• The socio-economic rights contained in the Bill of rights include the right to have access to Adequate Housing, the right to have access to Health Care, Food, Water and Social Security and the right to a Basic Education.  The constitution recognises that these ideals aren’t immediately achievable (for financial and logistical reasons) and it therefore grants the government time to achieve the realisation of these rights.  However, the government does have a constitutional obligation to take positive and progressive steps towards the delivery of these rights, within its available resources.
  • The sometimes controversial rights of Arrested, Detained and Accused Persons include the right to remain silent and to be presumed innocent; the right to legal representation; the right to be brought before a court, to be charged or to be informed of the reason for the arrest as soon as is reasonably possible; and the right to be granted bail if the interests of justice permit it.

Enforcing your rights

When it comes to enforcing your rights, you’re in luck because South Africa has one of the most developed civil society networks in the world.  There are literally hundreds of human rights NGO’s and government bodies out there and they are all working hard to ensure that our hard-won rights are properly protected.  Some of the more prominent institutions that can assist you are the following:

  • The South African Human Rights Commission is a national institution established under the Constitution to support constitutional democracy. It promotes respect for human rights and has broad powers to investigate and resolve complaints of human rights infringements.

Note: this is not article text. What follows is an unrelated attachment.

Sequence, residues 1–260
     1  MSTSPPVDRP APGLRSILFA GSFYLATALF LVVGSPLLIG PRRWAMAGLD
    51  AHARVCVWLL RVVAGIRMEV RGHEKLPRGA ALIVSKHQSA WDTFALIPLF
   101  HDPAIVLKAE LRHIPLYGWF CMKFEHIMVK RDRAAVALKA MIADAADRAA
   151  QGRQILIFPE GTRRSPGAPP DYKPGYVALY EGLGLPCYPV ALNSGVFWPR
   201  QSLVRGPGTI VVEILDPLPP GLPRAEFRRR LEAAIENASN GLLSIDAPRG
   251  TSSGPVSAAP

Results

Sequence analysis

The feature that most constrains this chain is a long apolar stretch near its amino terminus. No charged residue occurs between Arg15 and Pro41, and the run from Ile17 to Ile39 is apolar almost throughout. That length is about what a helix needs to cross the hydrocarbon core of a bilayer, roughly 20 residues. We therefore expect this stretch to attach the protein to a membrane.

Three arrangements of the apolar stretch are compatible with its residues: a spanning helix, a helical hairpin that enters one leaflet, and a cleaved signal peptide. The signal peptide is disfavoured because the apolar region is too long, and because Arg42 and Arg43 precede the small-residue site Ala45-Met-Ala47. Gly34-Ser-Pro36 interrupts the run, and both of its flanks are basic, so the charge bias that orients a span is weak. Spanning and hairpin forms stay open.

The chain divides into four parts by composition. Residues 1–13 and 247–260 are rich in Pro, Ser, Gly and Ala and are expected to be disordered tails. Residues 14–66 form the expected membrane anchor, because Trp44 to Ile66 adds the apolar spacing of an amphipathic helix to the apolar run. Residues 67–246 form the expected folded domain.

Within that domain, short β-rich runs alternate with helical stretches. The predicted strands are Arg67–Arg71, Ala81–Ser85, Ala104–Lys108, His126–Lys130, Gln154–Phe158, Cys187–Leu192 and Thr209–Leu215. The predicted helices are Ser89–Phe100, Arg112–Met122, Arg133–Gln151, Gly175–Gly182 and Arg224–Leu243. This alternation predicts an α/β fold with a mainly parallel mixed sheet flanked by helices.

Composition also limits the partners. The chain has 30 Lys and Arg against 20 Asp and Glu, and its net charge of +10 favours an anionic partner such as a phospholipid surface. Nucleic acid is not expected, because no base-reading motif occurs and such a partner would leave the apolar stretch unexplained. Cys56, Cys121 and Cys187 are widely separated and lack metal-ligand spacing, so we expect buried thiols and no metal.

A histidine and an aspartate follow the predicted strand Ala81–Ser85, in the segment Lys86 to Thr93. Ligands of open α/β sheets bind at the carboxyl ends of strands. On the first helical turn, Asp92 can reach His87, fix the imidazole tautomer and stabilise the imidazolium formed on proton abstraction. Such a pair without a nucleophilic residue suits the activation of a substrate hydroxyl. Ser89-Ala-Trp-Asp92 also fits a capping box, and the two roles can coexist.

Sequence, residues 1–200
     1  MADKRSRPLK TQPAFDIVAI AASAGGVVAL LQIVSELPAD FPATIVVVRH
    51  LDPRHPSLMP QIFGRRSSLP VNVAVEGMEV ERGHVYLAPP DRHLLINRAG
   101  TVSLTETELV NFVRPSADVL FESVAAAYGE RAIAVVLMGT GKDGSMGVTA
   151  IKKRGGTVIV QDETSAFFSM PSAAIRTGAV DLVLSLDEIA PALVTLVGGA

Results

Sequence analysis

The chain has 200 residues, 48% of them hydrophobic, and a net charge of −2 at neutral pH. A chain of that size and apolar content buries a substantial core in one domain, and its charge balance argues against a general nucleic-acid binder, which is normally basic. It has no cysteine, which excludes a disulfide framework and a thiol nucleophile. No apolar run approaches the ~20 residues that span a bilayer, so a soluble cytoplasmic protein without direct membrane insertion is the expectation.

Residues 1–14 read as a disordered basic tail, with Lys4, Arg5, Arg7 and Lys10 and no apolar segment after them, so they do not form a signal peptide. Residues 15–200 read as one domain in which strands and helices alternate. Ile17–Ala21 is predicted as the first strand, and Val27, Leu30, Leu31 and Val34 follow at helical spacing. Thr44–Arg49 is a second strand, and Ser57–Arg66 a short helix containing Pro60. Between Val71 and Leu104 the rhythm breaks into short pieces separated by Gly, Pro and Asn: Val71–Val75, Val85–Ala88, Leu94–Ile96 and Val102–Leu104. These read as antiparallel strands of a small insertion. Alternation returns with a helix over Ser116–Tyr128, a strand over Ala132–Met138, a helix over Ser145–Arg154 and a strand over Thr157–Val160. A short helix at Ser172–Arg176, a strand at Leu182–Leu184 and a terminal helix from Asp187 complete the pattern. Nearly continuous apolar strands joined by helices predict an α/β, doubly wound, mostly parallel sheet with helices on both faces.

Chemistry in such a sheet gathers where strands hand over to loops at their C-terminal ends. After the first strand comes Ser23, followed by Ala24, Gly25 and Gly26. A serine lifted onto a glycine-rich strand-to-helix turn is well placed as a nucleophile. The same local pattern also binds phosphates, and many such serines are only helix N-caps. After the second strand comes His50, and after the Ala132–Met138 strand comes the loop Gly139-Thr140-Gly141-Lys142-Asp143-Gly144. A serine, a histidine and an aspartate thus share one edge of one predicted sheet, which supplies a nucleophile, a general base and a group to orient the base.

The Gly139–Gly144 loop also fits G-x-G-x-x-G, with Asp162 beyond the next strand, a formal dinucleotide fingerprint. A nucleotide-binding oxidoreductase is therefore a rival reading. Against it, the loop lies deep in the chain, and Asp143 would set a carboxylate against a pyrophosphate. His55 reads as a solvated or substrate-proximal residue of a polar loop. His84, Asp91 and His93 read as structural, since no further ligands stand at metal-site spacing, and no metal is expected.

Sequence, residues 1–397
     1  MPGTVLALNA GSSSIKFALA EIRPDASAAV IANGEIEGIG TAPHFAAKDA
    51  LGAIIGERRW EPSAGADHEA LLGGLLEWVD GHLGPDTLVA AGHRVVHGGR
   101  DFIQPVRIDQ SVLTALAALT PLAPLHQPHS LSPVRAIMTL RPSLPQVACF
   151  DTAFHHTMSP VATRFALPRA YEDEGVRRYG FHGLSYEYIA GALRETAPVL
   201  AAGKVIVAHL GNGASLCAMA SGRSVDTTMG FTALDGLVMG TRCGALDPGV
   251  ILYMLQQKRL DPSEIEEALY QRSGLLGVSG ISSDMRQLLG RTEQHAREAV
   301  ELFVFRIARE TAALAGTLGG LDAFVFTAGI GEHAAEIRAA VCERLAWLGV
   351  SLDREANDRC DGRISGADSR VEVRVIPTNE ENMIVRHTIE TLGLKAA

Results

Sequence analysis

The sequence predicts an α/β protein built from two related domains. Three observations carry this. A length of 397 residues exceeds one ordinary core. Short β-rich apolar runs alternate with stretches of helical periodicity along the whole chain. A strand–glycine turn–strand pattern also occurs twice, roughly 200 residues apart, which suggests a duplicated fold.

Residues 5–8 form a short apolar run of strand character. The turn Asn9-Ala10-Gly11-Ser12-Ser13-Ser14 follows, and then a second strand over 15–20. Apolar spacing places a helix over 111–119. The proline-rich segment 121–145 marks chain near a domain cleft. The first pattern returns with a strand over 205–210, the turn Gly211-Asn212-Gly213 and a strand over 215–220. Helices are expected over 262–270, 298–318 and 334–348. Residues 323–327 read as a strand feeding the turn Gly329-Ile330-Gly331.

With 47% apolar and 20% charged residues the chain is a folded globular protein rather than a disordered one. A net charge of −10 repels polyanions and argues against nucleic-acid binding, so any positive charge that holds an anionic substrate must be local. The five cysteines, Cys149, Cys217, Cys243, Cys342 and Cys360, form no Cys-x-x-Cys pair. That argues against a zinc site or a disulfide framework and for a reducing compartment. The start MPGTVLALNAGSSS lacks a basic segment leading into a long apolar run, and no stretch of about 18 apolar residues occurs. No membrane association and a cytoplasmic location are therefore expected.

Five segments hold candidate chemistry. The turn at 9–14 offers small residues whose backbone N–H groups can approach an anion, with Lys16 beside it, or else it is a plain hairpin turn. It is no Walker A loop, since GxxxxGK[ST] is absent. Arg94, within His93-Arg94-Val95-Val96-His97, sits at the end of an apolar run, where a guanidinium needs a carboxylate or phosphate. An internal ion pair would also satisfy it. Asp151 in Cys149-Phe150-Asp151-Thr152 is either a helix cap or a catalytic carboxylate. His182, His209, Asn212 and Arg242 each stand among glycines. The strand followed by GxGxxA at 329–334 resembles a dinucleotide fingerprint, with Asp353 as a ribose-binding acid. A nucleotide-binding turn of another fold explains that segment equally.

• Lawyers for Human Rights is an NGO that strives to promote, uphold and strengthen human rights;
  • The Legal Resources Centre is a human rights organization that uses the law to help vulnerable individuals and communities who suffer from race, gender or other forms of discrimination.
  • The Socio-Economic Rights Institute of South Africa (SERI) is a very active NGO providing professional socio-economic rights assistance to individuals, communities and social movements in South Africa.
  • The Legal Aid Board is a government institution that provides free legal representation to accused persons and to poor people who require assistance with civil litigation.
  • The Office of the Public Protector investigates complaints relating to the abuse of government power or resources.
  • The Independent Complaints Directorate is a government body that investigates complaints of misconduct by members of the police.
  • The Commission for Gender Equality is a government body that investigates complaints of gender discrimination.

Final thoughts on Freedom Day

Perhaps the most powerful message that Freedom Day gives us is that we want to be a society that honours and respects every individual’s dignity and human rights.  And maybe this is the key thought to ponder over the family braai on Freedom Day – because without mutual respect and a celebration of our differences, the task of achieving a true constitutional democracy will be so much harder.